Motorcycle Tires or How Thick is Your Skin? 

     One of the critical components of your motorcycle are the tires.

     They are the only thing between you and the road surface.  Proper care and inspection is critical for safe operation of the motorcycle.  It is important to check not only the tire pressure routinely, but also the entire tire surface for cuts, nails and other items such as cracks, splits and bulges, before each ride. 

      Tire pressure is important for various reasons including life of the tire in terms of mileage and ride quality. Please refer to your Owner’s Manual for the tire inflation pressures for your model of bike.

     CAUTION: Never inflate a tire beyond the maximum inflation as noted on the tire sidewall.

     Inflate your tires when they are cold, and be aware that a cooler day may also require you to recheck the inflation pressures due to a change in outside air temperature.

     When inspecting your tires check the tread wear indicators (TWI), which are noted by the TWI (some tires may display logos etc in place of TWI) marking located on the tire sidewall.  Look towards the center of the tire to locate the actual tire wear bar which will be located in the tread groove itself, as a raised bar.  When the tire is worn to this indicator it is time for a new tire.  We have actual samples of worn tires to show you the amount of skin left between you and the road so to say.  It is scary.  The remaining amount of rubber is actually less than is apparent from the outside.

     Hydroplaning is the effect when the tire rides up onto the water surface of the road.  What effects this is both the remaining thread depth, speed of the motorcycle and the amount of water on the road surface.  In wet weather slow down and before going on a long ride for safety sake replace your tires if they are near the wear bars…its your skin.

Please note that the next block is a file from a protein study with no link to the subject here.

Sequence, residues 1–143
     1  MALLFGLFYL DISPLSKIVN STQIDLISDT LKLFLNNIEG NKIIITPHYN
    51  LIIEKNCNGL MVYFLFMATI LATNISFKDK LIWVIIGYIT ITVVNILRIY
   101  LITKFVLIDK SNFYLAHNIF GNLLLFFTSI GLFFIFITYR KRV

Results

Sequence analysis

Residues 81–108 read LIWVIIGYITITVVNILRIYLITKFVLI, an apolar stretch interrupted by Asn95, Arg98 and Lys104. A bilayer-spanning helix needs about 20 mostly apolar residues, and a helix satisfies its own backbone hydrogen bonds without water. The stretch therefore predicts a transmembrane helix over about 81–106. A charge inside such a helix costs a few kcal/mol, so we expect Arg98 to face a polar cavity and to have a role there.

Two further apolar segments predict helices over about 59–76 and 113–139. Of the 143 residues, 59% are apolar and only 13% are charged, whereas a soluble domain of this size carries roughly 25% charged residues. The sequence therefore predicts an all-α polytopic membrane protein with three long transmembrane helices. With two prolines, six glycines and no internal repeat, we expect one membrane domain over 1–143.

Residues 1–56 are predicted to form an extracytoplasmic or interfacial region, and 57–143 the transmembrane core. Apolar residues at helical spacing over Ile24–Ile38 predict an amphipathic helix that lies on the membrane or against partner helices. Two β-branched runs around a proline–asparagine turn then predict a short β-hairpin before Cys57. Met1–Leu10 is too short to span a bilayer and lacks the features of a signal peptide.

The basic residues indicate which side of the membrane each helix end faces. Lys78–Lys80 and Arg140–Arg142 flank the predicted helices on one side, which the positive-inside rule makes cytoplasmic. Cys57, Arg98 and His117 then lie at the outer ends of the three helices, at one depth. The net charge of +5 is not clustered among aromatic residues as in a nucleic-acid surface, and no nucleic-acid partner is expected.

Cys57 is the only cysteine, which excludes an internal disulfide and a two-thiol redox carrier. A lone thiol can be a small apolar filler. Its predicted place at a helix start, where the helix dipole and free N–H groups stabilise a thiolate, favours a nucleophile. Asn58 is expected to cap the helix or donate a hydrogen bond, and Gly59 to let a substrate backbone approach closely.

Motorcycle tires work in much more brutal environment then car tires.  Because of many factors such as load carried, horsepower and torque produced, and this being applied to a contact surface that is very small by comparison, one can understand why the tires are not only expensive but also work in a much more demanding environment.  Therefore keeping the tire pressure correct and routine tire inspection is critical. 

     It is good idea to attend one of our tech sessions to learn how to plug the tires with a plug kit if that nasty nail has found its way into the tire carcass.  That way if it does occur this temporary repair can be quickly accomplished on the roadside.  It is important to note, this only a temporary repair, as BMW recommends the replacement of the tire as soon as possible.  It is not recommended to patch the tires and or the tubes, as these may not properly seal.

     Tubes should always be replaced as these will wear just like the tire itself.   When installing tubes be sure to locate the valve stem retaining nut all the way to the top of the valve stem so that it touches the cap.  This way if the tube spins inside the tire you can see this by the tilt of the stem before the stem is torn from the tube itself.  On tubeless tires always inspect the valve stem for cracks and dried out rubber, since these can crack over time and leak air.  This thinking applies to car valve stems as well. 

     Unseen internal tire damage:

     If you have a front or rear wheel that has a dented rim, replace the tire, as the tire has suffered internal damage to the sidewall. This applies to car tires as well. It is wise to replace the wheel as well since it may be internally cracked.  The straightening of bent wheel rims is not recommended since you are reworking the metal thus weakening it.

     CAUTION: Do not apply any type of tire dressing to the sidewall or worse to the tread area of the tire, it is very slippery.

     Use only approved tires for your model of bike.  BMW spends much time to determine which tires work overall the best for each model.  Rely in their testing instead of doing it on your own. 

     Reprinted from the Iron Horse Motorcycles August Newsletter.  Visit Iron Horse Motorcycles web site to sign up for an e-version:



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